Clap, Tap, Hum, Breathe


Mindful Songwriting with Children

By Joe Reilly

Joe Reilly performs with Library Songsters Program, Ann Arbor District Library, 2013
Joe Reilly performs with Library Songsters Program, Ann Arbor District Library, 2013

Where do songs and music come from? I ask this question to the many groups of children with whom I have the privilege of working as a singer and songwriter. Over the past several years, I’ve facilitated songwriting workshops with groups of young people in schools, classrooms, churches, temples, and community centers. I find much joy in this work and receive happiness and inspiration from the children as together we access a deep source of creative energy.

I invite the children to close their eyes and to find their heartbeat with their hands. I explain how this rhythm is within us all day and night, even when we’re asleep, circulating our blood and providing our own personal drumbeat. I explain that the cycle of our breath creates another continuous rhythm inside us that sustains our lives. Our breath supports our voices for singing, speaking, and rapping. Sometimes these heartbeat and breathing rhythms speed up or slow down, but we can become aware of the rhythms and notice them as they change or stay the same. Of course, we often get distracted by electronic devices such as cell phones, the Internet, video games, and television, and forget to pay attention to our breath.

I explain how I, too, am often distracted, and need help to stop and listen to places where music and songs come from: my heart, my mind, my breath, and the world around me. I introduce the bell as a friend who helps me to pause and pay attention. When I am aware of my breath and my heartbeat, I sometimes receive a wonderful seed of a song and begin to sing, hum, or write. With a little more mindfulness and patience, the song begins to grow and develop.

Sitting together in a circle, we take a moment to straighten our backs, close our eyes, and listen to the sound of the bell. I invite the children to put their hands on their bellies and follow their in-breath and out-breath for as long as they can hear the sound. Sometimes I ask them to imagine someone they love or something that makes them happy. After we listen to the bell a few times, the group energy becomes calm and focused, and we’re ready to share ideas for our song.

I ask open-ended questions and record the children’s responses verbatim. As each child has a turn to share ideas, it provides opportunities for the children to really hear one another. I remind them how important it is to listen to each other, especially when we are writing a song.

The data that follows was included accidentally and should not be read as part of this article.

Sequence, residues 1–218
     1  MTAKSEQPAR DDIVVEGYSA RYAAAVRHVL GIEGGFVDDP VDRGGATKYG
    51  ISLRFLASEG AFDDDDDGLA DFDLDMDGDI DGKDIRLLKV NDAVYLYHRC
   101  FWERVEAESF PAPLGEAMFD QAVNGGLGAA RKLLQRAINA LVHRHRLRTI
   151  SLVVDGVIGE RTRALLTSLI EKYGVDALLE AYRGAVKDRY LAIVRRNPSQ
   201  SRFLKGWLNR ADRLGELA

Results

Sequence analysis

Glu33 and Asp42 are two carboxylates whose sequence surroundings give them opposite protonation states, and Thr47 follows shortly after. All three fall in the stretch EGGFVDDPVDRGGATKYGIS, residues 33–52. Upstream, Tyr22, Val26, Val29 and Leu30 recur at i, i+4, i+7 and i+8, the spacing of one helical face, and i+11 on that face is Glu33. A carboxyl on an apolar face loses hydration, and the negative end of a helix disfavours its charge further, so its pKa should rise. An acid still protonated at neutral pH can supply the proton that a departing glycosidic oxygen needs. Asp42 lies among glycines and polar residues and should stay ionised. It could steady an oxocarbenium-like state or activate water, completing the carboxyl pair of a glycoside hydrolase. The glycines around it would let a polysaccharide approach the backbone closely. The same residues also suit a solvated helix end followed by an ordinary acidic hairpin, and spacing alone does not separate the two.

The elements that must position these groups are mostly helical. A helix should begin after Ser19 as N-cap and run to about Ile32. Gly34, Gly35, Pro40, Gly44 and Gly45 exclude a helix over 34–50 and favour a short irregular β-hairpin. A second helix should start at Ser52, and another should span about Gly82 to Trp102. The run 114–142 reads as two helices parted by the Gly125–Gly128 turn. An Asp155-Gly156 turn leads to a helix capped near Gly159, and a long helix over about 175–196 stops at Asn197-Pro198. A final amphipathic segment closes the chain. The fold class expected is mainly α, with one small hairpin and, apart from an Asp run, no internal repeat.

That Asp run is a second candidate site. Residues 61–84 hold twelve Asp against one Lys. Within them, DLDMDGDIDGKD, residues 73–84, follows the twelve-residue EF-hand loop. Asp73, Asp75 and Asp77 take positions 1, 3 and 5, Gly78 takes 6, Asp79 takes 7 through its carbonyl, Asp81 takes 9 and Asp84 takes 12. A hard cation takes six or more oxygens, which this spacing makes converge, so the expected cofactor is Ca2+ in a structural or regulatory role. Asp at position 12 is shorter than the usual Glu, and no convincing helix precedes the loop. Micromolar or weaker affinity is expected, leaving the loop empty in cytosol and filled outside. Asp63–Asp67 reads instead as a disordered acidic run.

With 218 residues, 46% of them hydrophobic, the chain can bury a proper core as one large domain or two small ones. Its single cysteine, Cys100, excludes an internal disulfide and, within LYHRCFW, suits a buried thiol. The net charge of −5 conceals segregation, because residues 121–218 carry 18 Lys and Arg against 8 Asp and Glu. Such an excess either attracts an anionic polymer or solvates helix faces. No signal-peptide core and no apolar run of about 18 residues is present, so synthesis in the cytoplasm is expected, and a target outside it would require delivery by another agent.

I encourage the kids to be brave and to share ideas for melodies and rhythms. They may clap, tap, hum, or sing their contributions as I record them. This requires healthy risk-taking and vulnerability that takes courage to attempt in front of others. Typically, the entire group sits silent for a while until one brave child hums or taps their idea, which gives permission for others to do the same. Soon the entire circle is abuzz with musical energy and the song begins to take shape.

These words, rhythms, and melodies form the seed of our song. We cultivate the seed into a full-grown composition, which then takes on a life of its own. It takes patience as we continue to listen to ourselves and one another, giving our song more growth. When we’re finished writing, we often share the song through a performance and/or recording. This is a wonderful gift for the young songwriters to offer to their peers and families, as it contains reflections and energy from their hearts and minds.

Sharing my songwriting process with children is also a way for me to share the practice of mindfulness with them. In my life, these art forms inter-are. I can help water seeds of mindfulness, hope, and creativity in children while watering the same seeds in myself. The songs help us return to our true home, and the practice of stopping and listening, of paying attention to our breath and to our experiences, gives us direct and infinite access to beautiful music.

Joe ReillyJoe Reilly, True Ocean of Grace, is a singer, songwriter, and social worker who lives in Ann Arbor, Michigan. He was ordained into the Order of Interbeing in 2011 and helped to create the song “Wake Up”. You can find his music online at

Reprinted with permission from the Mindfulness Bell, Winter/Spring 2016.

Previous articleStanding on the Brink: Which Direction Do We Choose?
Next articleHow the Viet Wake Up Retreat Helped to Reconnect With My Roots


Please enter your comment!
Please enter your name here